The Null Space, also known as the kernel, is the subset of vectors which get mapped to \(0\) by some Linear Map.

## constituents

Some linear map \(T \in \mathcal{L}(V,W)\)

## requirements

The subset of \(V\) which \(T\) maps to \(0\) is called the “Null Space”:

\begin{equation} null\ T = \{v \in V: Tv = 0\} \end{equation}

## additional information

### the null space is a subspace of the domain

It should probably not be a surprise, given a Null Space is called a Null ** Space**, that the Null Space is a subspace of the domain.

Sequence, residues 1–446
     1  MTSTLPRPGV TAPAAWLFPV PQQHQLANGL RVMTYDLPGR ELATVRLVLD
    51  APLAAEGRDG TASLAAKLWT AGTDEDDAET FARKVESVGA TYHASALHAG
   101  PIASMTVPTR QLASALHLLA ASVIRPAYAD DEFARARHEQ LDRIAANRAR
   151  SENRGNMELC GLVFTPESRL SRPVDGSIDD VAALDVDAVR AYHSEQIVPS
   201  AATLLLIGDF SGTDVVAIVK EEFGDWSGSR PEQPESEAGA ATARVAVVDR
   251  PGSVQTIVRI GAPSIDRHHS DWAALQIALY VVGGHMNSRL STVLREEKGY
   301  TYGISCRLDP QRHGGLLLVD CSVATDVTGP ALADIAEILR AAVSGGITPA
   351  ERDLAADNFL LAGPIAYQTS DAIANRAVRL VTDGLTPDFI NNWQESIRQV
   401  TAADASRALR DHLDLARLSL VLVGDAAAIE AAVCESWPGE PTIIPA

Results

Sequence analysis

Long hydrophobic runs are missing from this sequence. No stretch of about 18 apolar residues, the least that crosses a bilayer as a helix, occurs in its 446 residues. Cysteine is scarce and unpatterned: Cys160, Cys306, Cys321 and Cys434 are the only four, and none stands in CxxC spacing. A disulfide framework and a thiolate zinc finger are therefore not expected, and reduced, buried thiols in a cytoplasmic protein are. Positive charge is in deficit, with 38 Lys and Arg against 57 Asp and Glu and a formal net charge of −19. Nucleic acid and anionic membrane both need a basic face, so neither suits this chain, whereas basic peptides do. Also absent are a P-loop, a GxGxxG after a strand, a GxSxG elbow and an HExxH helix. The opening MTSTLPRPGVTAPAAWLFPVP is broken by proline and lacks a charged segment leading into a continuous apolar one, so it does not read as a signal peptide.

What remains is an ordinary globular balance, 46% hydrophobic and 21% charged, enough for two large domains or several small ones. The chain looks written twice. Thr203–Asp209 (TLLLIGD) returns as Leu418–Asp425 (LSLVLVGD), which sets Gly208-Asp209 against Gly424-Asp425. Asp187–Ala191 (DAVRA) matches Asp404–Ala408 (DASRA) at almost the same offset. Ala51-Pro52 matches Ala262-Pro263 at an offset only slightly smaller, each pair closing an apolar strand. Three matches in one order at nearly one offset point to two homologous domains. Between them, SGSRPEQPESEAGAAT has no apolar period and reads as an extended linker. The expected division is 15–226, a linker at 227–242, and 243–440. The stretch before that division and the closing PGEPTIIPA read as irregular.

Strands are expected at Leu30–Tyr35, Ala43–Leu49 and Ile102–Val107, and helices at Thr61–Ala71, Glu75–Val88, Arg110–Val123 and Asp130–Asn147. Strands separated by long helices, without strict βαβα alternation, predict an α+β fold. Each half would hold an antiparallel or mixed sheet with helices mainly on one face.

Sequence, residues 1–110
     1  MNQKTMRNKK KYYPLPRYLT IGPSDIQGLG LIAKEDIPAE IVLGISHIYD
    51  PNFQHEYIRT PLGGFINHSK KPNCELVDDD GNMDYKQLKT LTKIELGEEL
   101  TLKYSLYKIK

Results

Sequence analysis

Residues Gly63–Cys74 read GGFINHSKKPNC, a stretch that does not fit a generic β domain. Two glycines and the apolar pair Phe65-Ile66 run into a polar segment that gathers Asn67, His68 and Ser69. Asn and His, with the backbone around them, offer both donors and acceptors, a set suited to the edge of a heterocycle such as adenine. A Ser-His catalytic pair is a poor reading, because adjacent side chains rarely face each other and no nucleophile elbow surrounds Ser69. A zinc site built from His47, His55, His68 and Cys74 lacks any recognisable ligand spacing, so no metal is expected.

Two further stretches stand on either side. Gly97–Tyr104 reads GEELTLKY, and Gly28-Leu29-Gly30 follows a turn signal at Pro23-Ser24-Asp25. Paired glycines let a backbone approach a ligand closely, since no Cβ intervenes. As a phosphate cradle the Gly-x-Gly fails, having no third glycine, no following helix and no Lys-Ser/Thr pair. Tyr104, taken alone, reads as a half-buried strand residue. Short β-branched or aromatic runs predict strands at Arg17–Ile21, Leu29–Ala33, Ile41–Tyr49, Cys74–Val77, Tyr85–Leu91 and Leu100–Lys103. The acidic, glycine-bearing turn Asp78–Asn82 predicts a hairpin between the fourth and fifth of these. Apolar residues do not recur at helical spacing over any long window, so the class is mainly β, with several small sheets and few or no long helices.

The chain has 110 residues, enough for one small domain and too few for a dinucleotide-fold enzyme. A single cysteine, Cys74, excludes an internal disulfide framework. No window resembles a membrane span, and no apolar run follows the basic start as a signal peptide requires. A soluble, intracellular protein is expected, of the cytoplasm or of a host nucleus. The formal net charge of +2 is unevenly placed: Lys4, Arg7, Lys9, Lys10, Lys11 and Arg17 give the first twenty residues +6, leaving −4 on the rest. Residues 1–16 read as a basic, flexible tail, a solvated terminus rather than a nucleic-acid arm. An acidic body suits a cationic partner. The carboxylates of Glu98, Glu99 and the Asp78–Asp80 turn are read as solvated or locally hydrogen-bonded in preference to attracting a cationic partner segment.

#### zero

As linear maps take \(0\) to \(0\), \(T 0=0\) so \(0\) is in the Null Space of \(T\).

#### closure under addition

We have that:

\begin{equation} 0+0 = 0 \end{equation}

so by additivity of the Linear Maps the map is closed under addition.

#### closure under scalar multiplication

By homogeneity of linear maps, the same of the above holds.

This completes the subspace proof, making \(null\ T\) a subspace of the domain of \(T\), \(V\). \(\blacksquare\)

### the null space of the zero map is just the domain

I mean duh. The zero map maps literally everything to zero.